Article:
Many Bantu women live in the cities at a great price, the price of their children; for these women even when they live with their husbands, are forced in most cases to go out and work, to bring sufficient into the homes to keep their children alive. The children of these unfortunate people therefore run wild, and as there are not sufficient schools to house them, it is easy for them to live an aimless existence, learning crime of all sorts in their infancy almost.
If these circumstances obtain when husband and wife live together in the towns, imagine the case of the woman, whose husband has gone to town and left her, forgetting apparently all his responsibilities. Here we get young women, the flower of the youth of the Bantu, going up in towns in search of their husbands, and as I have already stated, living as the reputed wives of other men, because of the location requirements, or becoming housekeepers to men in the locations and towns, and eventually their nominal wives.
In Johannesburg, and other large towns, the males Natives are employed to do the domestic work, in the majority of instances, and a female domestic servant is a rarity. We thus have a very dangerous environment existing for any woman who goes into any kind of domestic service in these towns, and naturally immorality of various kinds ensues, as the inevitable outcome of this situation. Thus we see that the European is by his treatment of the Native in these ways which I mentioned, only pushing him further and further down the social scale, forgetting that it was he and his kind who brought these conditions about in South Africa, forgetting his responsibilities to those who labor for him and to who he introduced the benefits, and evils of civilization. These facts do not sound very pleasant I know, but this Conference is according to my belief, intended to give us all the opportunity of expressing our views, our problems, and of discussing them in an attitude of friendliness and fair-mindedness, so that we may perhaps be enabled to see some way out of them.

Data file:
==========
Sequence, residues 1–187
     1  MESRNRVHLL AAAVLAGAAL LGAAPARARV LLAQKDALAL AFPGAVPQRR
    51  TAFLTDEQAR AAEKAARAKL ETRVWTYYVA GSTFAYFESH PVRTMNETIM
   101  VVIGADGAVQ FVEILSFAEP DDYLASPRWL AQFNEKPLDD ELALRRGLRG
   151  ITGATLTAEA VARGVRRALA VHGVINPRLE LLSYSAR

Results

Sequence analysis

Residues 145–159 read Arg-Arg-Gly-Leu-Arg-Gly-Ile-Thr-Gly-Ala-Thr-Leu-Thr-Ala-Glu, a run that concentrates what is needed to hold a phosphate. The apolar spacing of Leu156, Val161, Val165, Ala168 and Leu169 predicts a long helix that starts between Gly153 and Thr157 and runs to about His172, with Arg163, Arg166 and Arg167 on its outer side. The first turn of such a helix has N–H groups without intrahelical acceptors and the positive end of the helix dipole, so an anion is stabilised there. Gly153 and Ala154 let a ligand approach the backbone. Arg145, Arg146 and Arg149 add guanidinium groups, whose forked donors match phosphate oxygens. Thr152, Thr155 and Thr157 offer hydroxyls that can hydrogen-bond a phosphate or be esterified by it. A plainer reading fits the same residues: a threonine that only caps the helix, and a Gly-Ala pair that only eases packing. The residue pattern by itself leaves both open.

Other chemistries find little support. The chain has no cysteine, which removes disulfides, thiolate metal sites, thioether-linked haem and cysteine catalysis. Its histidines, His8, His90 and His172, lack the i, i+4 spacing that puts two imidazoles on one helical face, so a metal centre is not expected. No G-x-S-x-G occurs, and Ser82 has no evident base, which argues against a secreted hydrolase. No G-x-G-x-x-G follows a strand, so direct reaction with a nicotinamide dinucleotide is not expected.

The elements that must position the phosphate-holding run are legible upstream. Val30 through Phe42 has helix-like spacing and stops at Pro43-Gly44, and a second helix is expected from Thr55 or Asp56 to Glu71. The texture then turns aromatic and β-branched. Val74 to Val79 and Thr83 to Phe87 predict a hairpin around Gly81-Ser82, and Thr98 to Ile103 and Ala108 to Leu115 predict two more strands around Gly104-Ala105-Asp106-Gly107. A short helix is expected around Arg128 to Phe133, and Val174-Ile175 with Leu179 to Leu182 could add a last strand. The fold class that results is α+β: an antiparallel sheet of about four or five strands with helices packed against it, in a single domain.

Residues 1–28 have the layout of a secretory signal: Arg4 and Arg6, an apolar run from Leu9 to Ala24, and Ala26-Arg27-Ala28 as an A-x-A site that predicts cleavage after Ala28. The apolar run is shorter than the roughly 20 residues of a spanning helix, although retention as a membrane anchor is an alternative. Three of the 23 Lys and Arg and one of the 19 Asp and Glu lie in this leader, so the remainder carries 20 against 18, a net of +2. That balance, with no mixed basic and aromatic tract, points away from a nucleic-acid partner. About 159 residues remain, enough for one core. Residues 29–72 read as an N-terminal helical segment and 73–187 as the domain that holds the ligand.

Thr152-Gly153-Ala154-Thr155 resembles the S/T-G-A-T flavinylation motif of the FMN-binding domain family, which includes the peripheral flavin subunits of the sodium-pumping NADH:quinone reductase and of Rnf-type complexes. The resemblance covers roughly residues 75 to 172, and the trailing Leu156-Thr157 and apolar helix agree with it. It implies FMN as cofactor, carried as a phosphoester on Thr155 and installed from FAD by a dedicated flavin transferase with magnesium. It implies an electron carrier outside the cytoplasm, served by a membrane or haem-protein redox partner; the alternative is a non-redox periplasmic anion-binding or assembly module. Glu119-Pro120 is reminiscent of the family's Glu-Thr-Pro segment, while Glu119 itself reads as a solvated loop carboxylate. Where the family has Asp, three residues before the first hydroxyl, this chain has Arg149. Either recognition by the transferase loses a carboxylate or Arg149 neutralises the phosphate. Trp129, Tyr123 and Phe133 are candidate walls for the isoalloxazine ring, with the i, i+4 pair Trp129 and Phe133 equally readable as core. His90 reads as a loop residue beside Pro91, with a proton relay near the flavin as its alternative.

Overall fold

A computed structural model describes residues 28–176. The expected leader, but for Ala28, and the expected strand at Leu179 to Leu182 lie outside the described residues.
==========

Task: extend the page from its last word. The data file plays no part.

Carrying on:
Then we come to the Land Question
This is very acute in South Africa, especially from the Bantu point of view. South Africa in terms of available land is shrinking daily owing to increased population, and too many other economic and climate causes. Cattle diseases have crept into the country, ruining many stock farmer, and thus Bantu wealth is gradually decaying. As a result there are more and more workers making their way to the towns and cities such as Johannesburg to earn a living. And what a living! The majority earn about 3 pounds 10 shillings per month, out of which they must pay 25s for rent, 10s for tram fares, so I leave to you to imagine what sort of existence they lead on the remainder.